BioWorld International Correspondent
BERLIN The national Genome Project officially started operations in Estonia this month, an official of the Estonian Genome Foundation (EGF) said during a workshop here last week.
Researchers now are preparing for a pilot phase of the project, which aims at building a national gene bank. This gene bank is expected to be based upon gene probes and health data from 1 million volunteers from the country’s 1.4 million citizens. (See BioWorld International, Jan. 3, 2001.)
Initiators expect the gene bank to match genetic, environmental and lifestyle influences on common diseases. Thus, it could enable physicians to offer individual therapies to their patients. “Gene donors can receive early warning of possible health risks as well as take advantage of new genetic drugs,” the EGF said.
The project could mean improvements in both health and the economy in Estonia.
The future Estonia is pictured as a knowledge-based society, with research and development and innovation being the basis of growing competitiveness and quality of life, the Estonian minister of education, Tõnis Lukas, said.
“Estonia is too small to build an economy on commodities and things like that. Science is the only option to develop our society upon,” Lukas told BioWorld International.
Biomedicine is one of three key areas in Estonia’s research and development strategy.
As a nonprofit organization, the EGF is the owner of all intellectual property generated in the national gene bank. The EGF founded EGeen Inc. to translate science into economic improvement in Estonia.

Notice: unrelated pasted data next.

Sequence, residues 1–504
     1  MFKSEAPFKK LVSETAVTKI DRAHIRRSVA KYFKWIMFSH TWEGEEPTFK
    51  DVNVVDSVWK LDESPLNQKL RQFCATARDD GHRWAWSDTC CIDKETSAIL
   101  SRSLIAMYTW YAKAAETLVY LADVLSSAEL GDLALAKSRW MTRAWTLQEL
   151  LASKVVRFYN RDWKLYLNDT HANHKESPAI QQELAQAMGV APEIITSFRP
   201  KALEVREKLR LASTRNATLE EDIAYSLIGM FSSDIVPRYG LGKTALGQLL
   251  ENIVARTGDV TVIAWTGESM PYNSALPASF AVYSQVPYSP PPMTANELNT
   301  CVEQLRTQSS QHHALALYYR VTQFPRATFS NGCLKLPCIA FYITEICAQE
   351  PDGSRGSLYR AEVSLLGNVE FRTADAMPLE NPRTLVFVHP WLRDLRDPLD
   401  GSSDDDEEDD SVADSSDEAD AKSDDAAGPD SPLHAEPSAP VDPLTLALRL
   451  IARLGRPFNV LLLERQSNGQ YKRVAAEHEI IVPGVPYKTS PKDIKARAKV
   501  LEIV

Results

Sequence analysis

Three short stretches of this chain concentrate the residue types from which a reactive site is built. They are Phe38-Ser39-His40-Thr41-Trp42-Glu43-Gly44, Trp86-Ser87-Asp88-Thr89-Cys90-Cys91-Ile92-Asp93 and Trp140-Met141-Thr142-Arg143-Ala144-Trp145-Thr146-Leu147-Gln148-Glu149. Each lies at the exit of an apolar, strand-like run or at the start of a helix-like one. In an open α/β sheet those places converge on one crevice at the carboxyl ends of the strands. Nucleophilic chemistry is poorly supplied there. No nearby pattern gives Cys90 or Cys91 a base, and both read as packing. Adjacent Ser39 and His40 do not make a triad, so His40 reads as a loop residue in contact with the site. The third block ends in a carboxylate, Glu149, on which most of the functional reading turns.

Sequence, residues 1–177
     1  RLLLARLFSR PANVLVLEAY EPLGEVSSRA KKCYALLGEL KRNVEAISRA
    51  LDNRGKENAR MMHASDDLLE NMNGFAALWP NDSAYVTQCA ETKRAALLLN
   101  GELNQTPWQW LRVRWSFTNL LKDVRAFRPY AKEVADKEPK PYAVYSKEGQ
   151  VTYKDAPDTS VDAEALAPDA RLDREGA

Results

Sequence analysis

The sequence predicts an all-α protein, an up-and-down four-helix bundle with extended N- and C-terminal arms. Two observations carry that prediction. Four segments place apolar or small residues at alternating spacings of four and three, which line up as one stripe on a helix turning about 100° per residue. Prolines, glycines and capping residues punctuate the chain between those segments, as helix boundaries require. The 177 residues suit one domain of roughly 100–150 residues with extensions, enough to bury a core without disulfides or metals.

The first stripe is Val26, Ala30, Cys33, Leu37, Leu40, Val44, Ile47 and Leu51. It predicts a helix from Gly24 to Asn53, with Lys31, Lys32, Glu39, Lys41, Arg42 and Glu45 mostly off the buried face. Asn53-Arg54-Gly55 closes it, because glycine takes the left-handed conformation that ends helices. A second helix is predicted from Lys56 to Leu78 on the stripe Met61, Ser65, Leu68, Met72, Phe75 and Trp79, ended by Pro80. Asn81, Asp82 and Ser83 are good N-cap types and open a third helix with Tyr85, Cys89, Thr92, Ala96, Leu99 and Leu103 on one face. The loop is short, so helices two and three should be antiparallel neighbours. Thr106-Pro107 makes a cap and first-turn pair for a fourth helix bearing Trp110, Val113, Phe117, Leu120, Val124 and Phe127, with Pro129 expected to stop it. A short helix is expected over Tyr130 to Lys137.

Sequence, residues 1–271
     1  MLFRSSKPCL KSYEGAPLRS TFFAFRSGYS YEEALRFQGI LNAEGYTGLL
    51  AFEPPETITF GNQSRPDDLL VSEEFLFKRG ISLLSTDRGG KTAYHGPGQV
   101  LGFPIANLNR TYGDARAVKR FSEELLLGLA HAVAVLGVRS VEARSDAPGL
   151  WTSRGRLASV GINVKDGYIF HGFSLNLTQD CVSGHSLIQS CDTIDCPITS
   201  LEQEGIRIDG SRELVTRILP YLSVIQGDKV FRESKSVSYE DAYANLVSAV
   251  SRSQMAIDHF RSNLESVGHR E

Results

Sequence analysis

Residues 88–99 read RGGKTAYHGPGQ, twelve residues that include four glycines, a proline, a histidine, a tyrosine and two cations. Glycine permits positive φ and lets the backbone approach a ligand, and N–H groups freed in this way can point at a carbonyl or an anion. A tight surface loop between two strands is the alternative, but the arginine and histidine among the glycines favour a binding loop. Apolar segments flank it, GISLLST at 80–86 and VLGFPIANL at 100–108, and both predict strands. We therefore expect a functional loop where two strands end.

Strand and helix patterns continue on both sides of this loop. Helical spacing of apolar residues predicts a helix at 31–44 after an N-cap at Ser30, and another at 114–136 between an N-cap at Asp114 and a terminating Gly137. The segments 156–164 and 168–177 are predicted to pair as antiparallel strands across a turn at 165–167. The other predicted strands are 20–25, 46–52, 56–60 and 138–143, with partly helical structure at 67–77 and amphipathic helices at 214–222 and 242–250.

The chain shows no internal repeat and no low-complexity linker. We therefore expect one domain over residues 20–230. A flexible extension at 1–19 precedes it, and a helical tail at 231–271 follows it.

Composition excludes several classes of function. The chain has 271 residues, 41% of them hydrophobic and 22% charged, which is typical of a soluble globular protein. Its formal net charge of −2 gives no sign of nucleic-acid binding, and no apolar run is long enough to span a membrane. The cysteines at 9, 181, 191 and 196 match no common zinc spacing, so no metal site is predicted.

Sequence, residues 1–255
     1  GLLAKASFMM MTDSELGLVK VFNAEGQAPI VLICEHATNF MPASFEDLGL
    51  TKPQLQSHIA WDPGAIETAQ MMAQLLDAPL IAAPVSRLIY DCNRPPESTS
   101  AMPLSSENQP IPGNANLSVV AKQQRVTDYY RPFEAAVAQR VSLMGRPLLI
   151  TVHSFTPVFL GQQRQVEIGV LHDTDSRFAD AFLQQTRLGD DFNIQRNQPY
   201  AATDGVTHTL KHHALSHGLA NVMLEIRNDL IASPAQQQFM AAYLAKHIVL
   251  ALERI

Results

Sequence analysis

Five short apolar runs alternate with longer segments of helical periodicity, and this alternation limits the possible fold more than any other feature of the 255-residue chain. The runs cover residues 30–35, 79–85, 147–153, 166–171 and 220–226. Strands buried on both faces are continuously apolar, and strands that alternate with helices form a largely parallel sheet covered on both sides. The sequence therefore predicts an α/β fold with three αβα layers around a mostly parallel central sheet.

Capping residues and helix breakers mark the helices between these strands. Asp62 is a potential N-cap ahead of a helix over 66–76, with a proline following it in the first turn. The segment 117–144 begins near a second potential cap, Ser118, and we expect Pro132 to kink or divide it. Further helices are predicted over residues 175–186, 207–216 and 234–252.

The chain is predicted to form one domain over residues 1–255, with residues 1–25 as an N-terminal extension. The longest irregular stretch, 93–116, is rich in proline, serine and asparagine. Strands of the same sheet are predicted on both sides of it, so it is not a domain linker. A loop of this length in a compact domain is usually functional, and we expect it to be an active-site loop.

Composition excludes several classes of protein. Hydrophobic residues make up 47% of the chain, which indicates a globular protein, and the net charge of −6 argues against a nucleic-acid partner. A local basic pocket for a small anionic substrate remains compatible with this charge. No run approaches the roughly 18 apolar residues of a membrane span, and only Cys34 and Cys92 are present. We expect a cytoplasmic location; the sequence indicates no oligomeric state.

EGeen has an exclusive agreement for the commercial use of the database and will serve as an investment vehicle, the EGF said. EGeen is located in San Francisco and has a subsidiary in Estonia.
EGF expects EGeen to fuel development of infrastructure for the genome project in Estonia. “[Since] DNA has to stay in Estonia, all genotyping will be done in Estonia. This means new jobs. New labs will be built, new companies founded,” said Andres Metspalu, a member of the EGF supervisory board.
EGeen is expected to close its first round of financing soon, US$5 million to $7 million of venture money raised in the U.S., Metspalu said. US$2.5 million of this is planned to fuel the genome project’s pilot phase, which includes 10,000 patients in three counties of Estonia. Infrastructure for this pilot study is under preparation.
The rest of the funds will fuel development of EGeen. At a later stage EGeen is expected to raise revenues by partnerships with pharmaceutical companies related to pharmacogenomic research, target discovery and validation, and health care informatics services, as well as collaborations or joint ventures with pharmaceutical or biotech companies. EGeen is expected to become a pharmaceutical company itself, Metspalu said.
“EGeen has to pay up to some EUR350,000 as an annual fee to the EGF. When the shares of EGeen [will be publicly offered] the foundation will get 2.5 percent of the revenues. If EGeen gets royalties or licensing it has to share [about 4 percent of] this profit with the EGF,” Metspalu said.
EGF collects the data and blood samples, extracts DNA and makes the database. Thus Estonian society participates in the money EGeen shares with the EGF.